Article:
From Blue Shield today:
From Blue Shield today:
The City of San Francisco’s Office of Small Business just sent a reminder: you must file your Health Care Security Ordinance (HCSO) report for 2015, by April 30, 2016 or face a $500/quarter late filing fee.
Note: Private employers who employed fewer than 20 employees for all of 2015 (or non-profit employers that employed fewer than 50), do not need to file. Stop here.
If you are filing for the first time, or need assistance collecting data or running reports, please contact Allpointe as soon as possible so that we can help you in advance of the deadline.
Covered California, the new health insurance marketplace, or “exchange” announced today that six carriers would participate in the 2014 SHOP for small businesses of 2 to 50 employees:
Rates are pending approval by state regulatory agencies, and Covered California’s release only gives examples for a single, 40-year old employee. You can download the booklet and accompanying press release here.
Yet unanswered is the question of whether these plan options will offer limited provider networks, as we have seen with the individual marketplace.
Small employers will be able to choose to purchase health coverage for employees inside the Covered CA marketplace, or they may go directly to carriers as they do today. Depending on the business demographics and needs, either may be a viable financial strategy to provide competitive benefits to employees. We look forward to helping small business owners determine the right choice for their business.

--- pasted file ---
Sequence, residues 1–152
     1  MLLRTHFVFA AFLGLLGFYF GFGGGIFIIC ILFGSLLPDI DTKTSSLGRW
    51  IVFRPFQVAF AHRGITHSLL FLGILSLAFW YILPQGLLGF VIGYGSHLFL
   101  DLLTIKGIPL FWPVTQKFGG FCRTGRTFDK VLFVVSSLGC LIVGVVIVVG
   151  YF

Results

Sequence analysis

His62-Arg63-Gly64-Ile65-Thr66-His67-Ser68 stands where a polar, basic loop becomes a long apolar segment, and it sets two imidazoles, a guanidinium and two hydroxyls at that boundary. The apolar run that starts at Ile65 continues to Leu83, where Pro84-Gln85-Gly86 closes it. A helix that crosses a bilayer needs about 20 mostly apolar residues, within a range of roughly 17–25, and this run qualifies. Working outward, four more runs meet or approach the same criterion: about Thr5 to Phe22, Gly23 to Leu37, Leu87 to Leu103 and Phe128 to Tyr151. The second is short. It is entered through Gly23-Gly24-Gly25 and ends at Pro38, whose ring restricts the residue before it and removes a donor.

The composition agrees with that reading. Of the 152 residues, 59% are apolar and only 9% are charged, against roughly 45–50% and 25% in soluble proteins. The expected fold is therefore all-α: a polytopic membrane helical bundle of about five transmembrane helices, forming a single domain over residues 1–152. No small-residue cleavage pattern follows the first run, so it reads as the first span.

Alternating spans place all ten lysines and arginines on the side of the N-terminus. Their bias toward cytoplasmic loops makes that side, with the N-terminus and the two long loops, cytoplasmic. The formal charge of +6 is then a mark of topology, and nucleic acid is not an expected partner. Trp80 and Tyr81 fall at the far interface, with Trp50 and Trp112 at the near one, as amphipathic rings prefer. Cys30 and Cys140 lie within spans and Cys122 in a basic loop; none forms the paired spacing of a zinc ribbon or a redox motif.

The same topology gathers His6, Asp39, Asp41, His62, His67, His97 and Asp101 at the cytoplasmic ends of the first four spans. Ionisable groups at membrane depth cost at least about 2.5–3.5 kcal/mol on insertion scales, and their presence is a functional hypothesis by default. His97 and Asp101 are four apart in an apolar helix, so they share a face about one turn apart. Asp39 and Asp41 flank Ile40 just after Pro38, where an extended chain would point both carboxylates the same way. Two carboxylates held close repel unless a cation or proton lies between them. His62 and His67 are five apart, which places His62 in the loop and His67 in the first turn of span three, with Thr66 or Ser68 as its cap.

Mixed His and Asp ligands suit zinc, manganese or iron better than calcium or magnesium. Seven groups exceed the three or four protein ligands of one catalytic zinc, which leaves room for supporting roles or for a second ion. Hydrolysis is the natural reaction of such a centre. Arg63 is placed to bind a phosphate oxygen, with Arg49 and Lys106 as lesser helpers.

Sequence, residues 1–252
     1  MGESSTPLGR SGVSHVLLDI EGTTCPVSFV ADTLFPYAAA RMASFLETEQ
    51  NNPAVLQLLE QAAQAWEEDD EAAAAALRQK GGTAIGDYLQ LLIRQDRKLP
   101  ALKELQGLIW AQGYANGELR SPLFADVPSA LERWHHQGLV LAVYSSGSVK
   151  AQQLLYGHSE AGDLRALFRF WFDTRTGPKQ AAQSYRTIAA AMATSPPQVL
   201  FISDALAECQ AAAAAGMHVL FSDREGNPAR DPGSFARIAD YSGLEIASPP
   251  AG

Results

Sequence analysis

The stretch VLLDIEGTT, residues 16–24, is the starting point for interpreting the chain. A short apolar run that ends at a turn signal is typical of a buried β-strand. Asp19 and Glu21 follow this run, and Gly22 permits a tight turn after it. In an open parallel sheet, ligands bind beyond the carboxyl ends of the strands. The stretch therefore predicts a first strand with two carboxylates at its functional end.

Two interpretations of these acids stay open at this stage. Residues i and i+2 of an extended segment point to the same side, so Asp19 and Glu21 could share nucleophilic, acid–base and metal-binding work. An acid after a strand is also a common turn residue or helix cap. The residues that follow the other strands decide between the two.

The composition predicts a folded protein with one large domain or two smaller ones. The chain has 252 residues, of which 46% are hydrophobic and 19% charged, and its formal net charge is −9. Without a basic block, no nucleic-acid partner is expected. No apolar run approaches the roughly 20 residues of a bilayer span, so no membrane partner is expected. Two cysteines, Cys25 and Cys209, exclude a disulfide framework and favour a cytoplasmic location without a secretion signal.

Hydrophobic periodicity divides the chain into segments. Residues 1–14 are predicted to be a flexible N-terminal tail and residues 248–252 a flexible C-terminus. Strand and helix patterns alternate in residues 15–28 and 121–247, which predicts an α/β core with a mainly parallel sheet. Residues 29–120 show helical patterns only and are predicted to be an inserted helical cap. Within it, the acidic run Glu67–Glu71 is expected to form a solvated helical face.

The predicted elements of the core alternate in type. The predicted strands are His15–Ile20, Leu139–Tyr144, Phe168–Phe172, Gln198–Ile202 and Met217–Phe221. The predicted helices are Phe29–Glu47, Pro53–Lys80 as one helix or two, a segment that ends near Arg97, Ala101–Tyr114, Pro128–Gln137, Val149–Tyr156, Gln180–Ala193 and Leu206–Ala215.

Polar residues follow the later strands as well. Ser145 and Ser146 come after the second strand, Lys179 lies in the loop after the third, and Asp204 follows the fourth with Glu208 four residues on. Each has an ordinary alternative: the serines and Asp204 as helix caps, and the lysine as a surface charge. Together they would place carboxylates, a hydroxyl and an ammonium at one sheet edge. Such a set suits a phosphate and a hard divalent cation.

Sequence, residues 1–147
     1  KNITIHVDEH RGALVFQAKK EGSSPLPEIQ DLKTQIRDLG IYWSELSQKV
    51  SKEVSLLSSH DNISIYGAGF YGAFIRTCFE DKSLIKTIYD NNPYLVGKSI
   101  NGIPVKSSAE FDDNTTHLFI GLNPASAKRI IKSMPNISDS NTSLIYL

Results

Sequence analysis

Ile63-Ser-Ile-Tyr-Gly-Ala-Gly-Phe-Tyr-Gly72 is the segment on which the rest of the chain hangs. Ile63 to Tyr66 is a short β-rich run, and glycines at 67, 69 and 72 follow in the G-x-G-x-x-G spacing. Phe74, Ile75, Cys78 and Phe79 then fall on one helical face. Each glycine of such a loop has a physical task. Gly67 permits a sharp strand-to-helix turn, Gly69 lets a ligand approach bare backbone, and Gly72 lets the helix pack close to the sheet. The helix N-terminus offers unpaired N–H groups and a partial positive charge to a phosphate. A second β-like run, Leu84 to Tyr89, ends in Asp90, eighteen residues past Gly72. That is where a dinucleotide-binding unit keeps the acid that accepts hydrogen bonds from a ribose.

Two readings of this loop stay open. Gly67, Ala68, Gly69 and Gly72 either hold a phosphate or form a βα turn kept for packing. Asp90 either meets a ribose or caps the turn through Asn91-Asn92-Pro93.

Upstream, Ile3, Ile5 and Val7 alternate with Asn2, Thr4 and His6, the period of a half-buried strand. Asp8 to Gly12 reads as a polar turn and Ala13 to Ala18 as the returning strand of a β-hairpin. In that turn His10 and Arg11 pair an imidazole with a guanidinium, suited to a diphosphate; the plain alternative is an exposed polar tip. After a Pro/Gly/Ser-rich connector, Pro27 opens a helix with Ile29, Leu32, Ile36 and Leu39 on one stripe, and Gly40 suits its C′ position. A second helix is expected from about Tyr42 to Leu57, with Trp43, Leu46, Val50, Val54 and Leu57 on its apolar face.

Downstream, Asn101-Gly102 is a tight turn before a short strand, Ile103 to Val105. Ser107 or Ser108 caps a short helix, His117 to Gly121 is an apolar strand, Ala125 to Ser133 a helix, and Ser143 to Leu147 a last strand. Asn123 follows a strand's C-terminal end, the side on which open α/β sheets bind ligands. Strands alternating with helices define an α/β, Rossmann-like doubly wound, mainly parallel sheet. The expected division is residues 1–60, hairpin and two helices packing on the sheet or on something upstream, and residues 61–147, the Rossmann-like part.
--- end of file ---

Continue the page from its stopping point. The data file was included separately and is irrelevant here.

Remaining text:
Small businesses and individuals will be receiving a rebate from Blue Shield by August 1st. Employers, please review the details here, about valid ways to return these refunded premiums to your employees. Reducing the cost of future insurance coverage is a legitimate use of the rebate.
From Blue Shield:
Medical Loss Ratio Rebates and Notifications
Last month, we informed you that Blue Shield reported its 2012 Medical Loss Ratio (MLR) by market segment to the Department of Health and Human Services (HHS). We are now sharing our rebate information with you.
Blue Shield did not meet the MLR thresholds for the following market segments:
- Individual and Family plans regulated by the Department of Insurance (DOI)
The MLR threshold for this market segment is 80%. Blue Shield reported an MLR of 78.0%. The Individual and Family plan MLR was 2% below the 80% threshold. As a result certain subscribers will receive premium rebates by August 1, 2013. The 2% of premium revenue equals $13.3 million that will be returned to 226,034 Individual and Family plan subscribers who were enrolled in the Blue Shield Life plans that did not meet the MLR threshold. The average rebate amount per subscriber is about $59.
- Small Business plans (50 or fewer employees) regulated by the Department of Managed Health Care (DMHC)
The MLR threshold for this market segment is 80%. Blue Shield reported an MLR of 76.6%. The Small Business MLR was 3.4% below the 80% threshold. As a result, certain subscribers will receive dues rebates by August 1, 2013. The 3.4% of dues revenue equals $24.5 million that will be returned to 29,232 Small Business policyholders who were enrolled in the Blue Shield plans that did not meet the MLR threshold. The average rebate amount per Small Business policyholder is about $827.
Chris Rauber is asking those questions at the San Francisco Business Times, and apparently, so is much of the San Francisco business community. Well summed up by Jim Lazarus of the San Francisco Chamber of Commerce: